The twentieth century was marked by significant events of violence, resulting in widespread trauma. This book demonstrates not only the ways in which the wars of the twentieth century have altered theological engagement and religious practice, but also the degree to which religious ways of thinking have shaped the way we construct historical narratives. Drawing on diverse sources—from the Hebrew Bible to Commonwealth War Graves, from Greek tragedy to post-Holocaust theology—Alana Vincent probes the intersections between past and present, memory and identity, religion and nationality. The result is a book that defies categorization and offers no easy answers, but instead pursues an agenda of theological realism, holding out continued hope for the restoration of the world.

Widely relevant, this compelling and thoughtful book explores the complex phenomenon of remembrance. Combining aesthetical, literary, and theological analyses, Alana Vincent offers a highly original and important contribution to the growing interdisciplinary field that investigates how politics of memory and uses of history shape the relation to the past.

—Jayne Svenungsson, associate professor of systematic theology, Stockholm School of Theology

In this rich and well-researched book, Alana Vincent [asks] us to join her on a fascinating odyssey in the unruly sea of cultural memory, where we are constantly tossing on waves, alternating between ‘remembering’ and ‘forgetting’: to remember for fear that we forget, and to forget lest we remember.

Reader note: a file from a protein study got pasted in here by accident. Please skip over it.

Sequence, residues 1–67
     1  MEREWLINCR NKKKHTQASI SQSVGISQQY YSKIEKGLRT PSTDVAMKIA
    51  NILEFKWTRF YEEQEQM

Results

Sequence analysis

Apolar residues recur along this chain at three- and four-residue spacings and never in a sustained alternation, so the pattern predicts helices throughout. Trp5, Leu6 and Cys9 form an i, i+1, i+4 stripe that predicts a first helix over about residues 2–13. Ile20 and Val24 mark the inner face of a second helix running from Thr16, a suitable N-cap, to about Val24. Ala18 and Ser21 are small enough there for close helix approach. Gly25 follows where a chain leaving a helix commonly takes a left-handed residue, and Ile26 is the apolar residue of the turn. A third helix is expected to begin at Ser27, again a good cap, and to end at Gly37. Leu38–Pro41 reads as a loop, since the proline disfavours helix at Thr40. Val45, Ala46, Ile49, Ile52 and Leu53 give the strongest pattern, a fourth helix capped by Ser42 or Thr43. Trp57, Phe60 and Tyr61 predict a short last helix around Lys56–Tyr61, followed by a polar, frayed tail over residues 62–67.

—Jesper Svartvik, professor of theology of religions, Lund University and the Swedish Theological Institute in Jerusalem

Alana Vincent is lecturer in Jewish studies and academic advisor to partnerships at the University of Chester.

Zionism through Christian Lenses: Ecumenical Perspectives on the Promised Land

  • Editor: Carole Monica Burnett
  • Publisher: Wipf & Stock 
  • Publication Date: 2013
  • Pages: 228

Dear to the hearts of many Christians is the land of the Bible, which today is convulsed by strife. Contradictory claims about the past, present, and future of this land can be bewildering. The essays in this volume invite Christians of every denomination to share in perspectives that are solidly grounded in Scripture and tradition, yet serve as alternatives to the currently prevailing approaches. Through reading Zionism through Christian Lenses, one can join the discussion about the ramifications of today’s ongoing crisis, ancient Israel’s Covenant, and the post-Reformation experiences of various branches of Christianity.

Zionism is a topic on which there is much confusion among Christians. Many Christians have the impression they should be pro-Zionist in order to overcome Christian anti-Semitism and give appropriate support to the State of Israel. How Zionism is related to the Christian tradition is poorly understood. Carole Monica Burnett has filled an important lacuna with Zionism through Christian Lenses, covering topics such as Zionism in Scripture, in ancient and modern Christianity, and in Catholic social teaching.

Rosemary Radford Ruether, professor of church history, Claremont School of Theology and Graduate University

Carole Monica Burnett is the editor of the Fathers of the Church series as well as the Fathers of the Church Mediaeval Continuation, both published by the Catholic University of America Press, and also teaches Latin and New Testament Greek as an adjunct faculty member at the Dominican House of Studies in Washington, DC. She holds both a MTS degree from Wesley Theological Seminary and PhD in early Christian studies from the Catholic University of America.